Monday, January 21, 2013

Peacemaking in PvP

A strange thing happened Friday. Normally during after school instead of homework time and focused enrichment classes, we have "bonus hour." I'm usually in the PE room refereeing capture the flag or soccer. This week, however, a lot of kids asked if I could play Minecraft with them instead. Ever the nerd, I found someone else to run sports and set up shop in the cafe.

Normally I'm in a classroom and the cafe is full of kids who want to hang out or play board games. As I brought in the computer cart and started up the server, I noticed something unexpected and wonderful. Many of the 18 kids lining up for a computer were the usual suspects, kids who were in my Minecraft Club or who signed up but didn't make the cut off. About half hadn't played before but said they kept hearing about it and wanted to try. A third of the group were girls.

I started up the server, decided that since it was Fun Friday I'd loosen up a bit and allow PvP (the first time all year I've done that), and logged in to happily hunt down my students as they fled across tree tops.

Soon, kids were learning how to play, kids were hunting each other, and I was wandering around lost and alone. This in itself was all very happy and fun, but then a student -- we'll call her S. -- walked up and asked what I was doing.

Now, S. and I have had our troubles. Multiple calls home, detentions and the like. In fact, I'd sent her out of my class earlier that week. I asked if she wanted to play and, after giving me a hard time for being an adult who likes video games ('obsessed' was her exact word, at which I took umbrage), she said yes.

S. and I spent the next half hour side-by-side, busily crafting iron swords and dueling with her classmates. Mostly, we lost. But when her ride came she didn't want to leave and, as she reluctantly shut down her computer, she smiled and thanked me.

I had to play the disciplinarian way too much last week. By Friday evening I was frustrated and tired. Some weeks it seems like mostly, we lose. Then along comes an iron sword, a thank you and a smile. That changes everything.

Thursday, January 10, 2013

Teamwork works.

 My Minecraft Club started the new year off on a great note. We jumped right into team-based survival mode, something I was both extremely excited and extremely nervous for. Based on the vandalism and inconsistent gamesmanship before the break, I wasn't really sure if the kids could pull it off. I was wrong.

Groups organically discussed who the team leader would be, they assigned roles and responsibilities, they shared resources and the more experienced players took the novices under their wings, helping with anything from how to use blocks to distracting Creepers so their teammates could reach safety. It was beautiful.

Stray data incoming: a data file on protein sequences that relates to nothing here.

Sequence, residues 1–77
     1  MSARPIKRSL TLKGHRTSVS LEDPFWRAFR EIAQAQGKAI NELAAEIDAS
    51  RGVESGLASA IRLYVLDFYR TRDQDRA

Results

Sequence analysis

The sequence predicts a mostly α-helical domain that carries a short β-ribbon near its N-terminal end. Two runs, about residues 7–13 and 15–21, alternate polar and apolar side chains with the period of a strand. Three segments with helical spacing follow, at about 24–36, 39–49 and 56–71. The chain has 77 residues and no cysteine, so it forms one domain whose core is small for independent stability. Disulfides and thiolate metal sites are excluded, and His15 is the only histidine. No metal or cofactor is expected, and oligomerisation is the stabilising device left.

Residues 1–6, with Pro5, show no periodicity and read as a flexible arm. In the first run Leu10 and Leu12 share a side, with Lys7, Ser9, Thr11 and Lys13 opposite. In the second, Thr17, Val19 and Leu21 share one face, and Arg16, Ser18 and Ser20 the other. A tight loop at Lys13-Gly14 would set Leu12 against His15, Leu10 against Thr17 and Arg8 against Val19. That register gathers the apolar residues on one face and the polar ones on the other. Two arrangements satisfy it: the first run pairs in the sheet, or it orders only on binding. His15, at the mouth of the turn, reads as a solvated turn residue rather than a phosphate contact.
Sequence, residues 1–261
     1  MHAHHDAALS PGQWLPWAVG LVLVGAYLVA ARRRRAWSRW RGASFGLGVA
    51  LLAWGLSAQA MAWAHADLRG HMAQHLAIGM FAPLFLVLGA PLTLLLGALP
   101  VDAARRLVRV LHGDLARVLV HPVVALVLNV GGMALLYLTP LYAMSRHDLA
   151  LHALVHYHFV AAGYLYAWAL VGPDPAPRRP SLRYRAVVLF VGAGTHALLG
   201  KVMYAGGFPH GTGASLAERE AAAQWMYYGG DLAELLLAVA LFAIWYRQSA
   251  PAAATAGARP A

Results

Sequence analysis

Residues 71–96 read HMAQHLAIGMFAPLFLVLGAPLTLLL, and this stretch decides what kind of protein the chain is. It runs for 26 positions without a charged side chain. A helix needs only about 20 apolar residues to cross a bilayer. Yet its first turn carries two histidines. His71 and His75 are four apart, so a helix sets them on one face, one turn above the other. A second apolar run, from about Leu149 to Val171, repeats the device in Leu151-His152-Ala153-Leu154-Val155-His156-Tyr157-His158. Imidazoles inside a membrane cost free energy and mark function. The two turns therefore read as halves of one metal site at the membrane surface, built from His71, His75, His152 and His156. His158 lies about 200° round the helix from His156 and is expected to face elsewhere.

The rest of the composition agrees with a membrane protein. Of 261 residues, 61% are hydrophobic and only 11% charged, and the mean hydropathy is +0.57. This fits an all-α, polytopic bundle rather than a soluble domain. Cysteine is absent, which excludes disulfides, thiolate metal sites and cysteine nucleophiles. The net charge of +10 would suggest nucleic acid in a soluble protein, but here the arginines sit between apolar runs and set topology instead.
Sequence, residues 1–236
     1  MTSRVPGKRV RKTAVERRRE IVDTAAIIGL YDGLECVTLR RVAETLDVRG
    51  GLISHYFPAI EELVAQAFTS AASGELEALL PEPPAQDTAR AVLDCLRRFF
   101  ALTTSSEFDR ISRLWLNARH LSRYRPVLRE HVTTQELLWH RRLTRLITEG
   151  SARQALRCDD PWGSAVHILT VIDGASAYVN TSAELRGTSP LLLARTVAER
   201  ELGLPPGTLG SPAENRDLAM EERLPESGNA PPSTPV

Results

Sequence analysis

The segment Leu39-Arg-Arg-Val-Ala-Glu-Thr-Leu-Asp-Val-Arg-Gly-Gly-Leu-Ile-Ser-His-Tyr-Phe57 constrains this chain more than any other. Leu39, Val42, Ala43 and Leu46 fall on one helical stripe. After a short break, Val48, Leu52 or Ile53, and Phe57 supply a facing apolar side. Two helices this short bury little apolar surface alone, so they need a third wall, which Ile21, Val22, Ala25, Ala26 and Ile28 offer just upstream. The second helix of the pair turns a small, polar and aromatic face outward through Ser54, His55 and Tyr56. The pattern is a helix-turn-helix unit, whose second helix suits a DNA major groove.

I split the class into five random groups with five students each. Using a world spawned from the Artomix seed, I placed a teleport block at the spawn site to act as the main hub. I then placed five teleportation blocks around the world and assigned one to each group. As soon as they spawned, the students went to the block and teleported to their home base. The five homebase blocks are blind -- student's can't use them to teleport anywhere -- so, as soon as they leave the spawn site, they can only get around by walking.

For the next few weeks, teams will be competing against each other to complete a series of objectives. The first day's objective was simply to survive the night; if the entire team survived, they got a point. Only one team didn't make it.

On the second day I gave four objectives: Make a suit of armor, a bow, a working minecart track, and a diamond. If anyone on the team dies, one point is automatically deducted. The plan is to build up to objectives that will involve teams working together and, of course, end it all with a massive PvP battle.

Two teams realized that I didn't forbid groups from working together, and so they have joined forces to complete the objectives faster. I didn't expect groups to combine this early, and I'm very curious what will happen as the competition grows increasingly fierce.

I don't think the students are even all that aware of what I'm finding most fascinating about this project -- the social aspect. Sixth, seventh, and eighth graders are all working together to reach a common objective, and they're doing it peacefully and even, dare I say it, like equals. It is cool.

A few tech warnings for anyone else considering doing something similar: On the second day, someone's settings were on 'Peaceful' mode. This prevented monsters from spawning, since Minecraft runs it on the lowest common denominator. If an individual has different settings on his/her account, it will affect everyone on the server. Also, now that all of the students are actively building, mining, and exploring, my server is experiencing periods of major lag. I now have my computer solely run as the server, and I log into it using an extra school computer. This helps a little, but some students still get dropped periodically. All in all, though, things are running remarkable smoothly.

Jail, constructed with border blocks and build disallow blocks. It's on one of the highest points in the map, so jailed students must watch their classmates having fun.

Group Two's shelter. Nothing but the basics.
Group Four's shelter. The inside is a large underground bunker.